1. What are the practical uses of this innovation?
This technology can be used to deliver a range of therapeutics, including small molecular (anticancer drugs or antibiotics) and macromolecular (mAbs) drugs, in a sustained release manner. The hydrogel formulation can be administered via injection or topically.
Sustained release of therapeutics is expected to provide better efficacy and improve patient compliance.
2. When can we expect this innovation to be available commercially?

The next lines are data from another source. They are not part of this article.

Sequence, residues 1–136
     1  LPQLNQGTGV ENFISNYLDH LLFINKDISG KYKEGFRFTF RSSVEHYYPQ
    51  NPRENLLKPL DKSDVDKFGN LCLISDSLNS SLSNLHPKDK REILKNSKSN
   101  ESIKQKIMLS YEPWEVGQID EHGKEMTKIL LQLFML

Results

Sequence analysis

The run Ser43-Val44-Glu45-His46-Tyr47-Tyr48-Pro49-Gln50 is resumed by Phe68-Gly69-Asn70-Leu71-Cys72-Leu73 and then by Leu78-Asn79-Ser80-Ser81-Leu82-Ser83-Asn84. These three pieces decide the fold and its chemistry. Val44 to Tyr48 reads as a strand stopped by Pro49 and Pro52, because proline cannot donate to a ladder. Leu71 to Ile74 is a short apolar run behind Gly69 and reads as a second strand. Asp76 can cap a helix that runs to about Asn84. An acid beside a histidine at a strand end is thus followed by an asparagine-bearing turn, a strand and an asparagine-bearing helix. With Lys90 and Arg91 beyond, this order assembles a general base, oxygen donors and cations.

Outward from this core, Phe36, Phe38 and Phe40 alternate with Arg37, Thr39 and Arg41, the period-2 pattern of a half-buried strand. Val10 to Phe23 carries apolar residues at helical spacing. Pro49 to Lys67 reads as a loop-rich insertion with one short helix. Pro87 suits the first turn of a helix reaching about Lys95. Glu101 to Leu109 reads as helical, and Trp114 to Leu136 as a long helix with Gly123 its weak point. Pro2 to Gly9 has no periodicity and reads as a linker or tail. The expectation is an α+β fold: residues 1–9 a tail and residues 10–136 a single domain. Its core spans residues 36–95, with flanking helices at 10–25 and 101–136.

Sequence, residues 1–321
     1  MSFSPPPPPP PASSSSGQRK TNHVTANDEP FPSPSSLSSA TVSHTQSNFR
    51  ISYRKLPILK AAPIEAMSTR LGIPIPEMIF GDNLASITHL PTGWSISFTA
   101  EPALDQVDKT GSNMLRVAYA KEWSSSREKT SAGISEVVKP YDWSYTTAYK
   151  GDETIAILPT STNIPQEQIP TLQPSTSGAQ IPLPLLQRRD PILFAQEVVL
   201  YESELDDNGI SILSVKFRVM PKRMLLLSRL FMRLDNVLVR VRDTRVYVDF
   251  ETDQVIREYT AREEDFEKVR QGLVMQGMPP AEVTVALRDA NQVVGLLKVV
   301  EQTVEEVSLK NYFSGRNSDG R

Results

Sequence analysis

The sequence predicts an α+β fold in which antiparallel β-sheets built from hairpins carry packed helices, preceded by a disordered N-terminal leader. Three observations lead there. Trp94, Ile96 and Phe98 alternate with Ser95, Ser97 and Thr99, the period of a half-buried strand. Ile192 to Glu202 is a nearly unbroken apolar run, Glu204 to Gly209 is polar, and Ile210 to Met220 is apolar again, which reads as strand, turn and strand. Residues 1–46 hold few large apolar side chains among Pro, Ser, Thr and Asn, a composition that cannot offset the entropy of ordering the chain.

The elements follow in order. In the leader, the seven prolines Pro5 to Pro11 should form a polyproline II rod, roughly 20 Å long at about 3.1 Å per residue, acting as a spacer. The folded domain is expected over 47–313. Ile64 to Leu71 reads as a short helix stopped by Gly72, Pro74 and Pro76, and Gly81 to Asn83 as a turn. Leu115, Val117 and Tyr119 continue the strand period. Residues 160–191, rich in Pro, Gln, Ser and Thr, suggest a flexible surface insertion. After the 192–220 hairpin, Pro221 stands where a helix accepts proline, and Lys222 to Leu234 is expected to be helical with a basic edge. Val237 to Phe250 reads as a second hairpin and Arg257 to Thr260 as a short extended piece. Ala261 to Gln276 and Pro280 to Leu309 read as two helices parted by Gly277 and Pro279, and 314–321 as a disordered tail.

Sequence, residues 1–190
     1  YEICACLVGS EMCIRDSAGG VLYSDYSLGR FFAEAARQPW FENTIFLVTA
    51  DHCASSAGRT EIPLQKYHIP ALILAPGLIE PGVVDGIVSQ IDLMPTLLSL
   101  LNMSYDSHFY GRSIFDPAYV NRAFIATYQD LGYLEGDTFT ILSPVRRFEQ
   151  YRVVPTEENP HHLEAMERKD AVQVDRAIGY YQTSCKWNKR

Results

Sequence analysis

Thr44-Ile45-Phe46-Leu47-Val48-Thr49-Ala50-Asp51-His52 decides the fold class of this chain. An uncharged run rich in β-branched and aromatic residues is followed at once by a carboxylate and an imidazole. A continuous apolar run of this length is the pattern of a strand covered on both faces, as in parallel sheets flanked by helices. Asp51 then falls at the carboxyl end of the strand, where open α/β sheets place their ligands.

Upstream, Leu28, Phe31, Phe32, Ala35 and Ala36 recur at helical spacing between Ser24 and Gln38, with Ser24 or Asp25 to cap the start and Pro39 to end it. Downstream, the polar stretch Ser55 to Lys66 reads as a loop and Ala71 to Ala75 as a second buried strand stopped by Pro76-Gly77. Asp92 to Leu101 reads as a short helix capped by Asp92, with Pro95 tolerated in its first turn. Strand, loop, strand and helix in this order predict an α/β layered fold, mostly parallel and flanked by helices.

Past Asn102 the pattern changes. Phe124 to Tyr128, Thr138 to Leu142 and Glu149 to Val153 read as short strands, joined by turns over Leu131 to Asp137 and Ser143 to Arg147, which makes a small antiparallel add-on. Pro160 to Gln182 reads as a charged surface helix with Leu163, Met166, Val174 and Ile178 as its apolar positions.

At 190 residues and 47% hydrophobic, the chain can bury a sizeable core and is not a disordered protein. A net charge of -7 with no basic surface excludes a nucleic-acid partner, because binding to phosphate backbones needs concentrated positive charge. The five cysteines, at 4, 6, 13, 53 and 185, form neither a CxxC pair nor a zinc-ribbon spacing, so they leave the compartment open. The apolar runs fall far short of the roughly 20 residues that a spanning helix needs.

We are looking for partners that can help advance the technology for final clinical application.
3. How does this innovation compare to others?
This hydrogel has unique rheological or flow property that allows it to be transformed from a gel to a liquid via shear stress, i.e. enabling injection via a syringe, it causes minimal immune response, allows sustained delivery and degrades after use. It is made of polymer at lower concentrations than other hydrogel technologies due to the presence of hydrophobic vitamin E.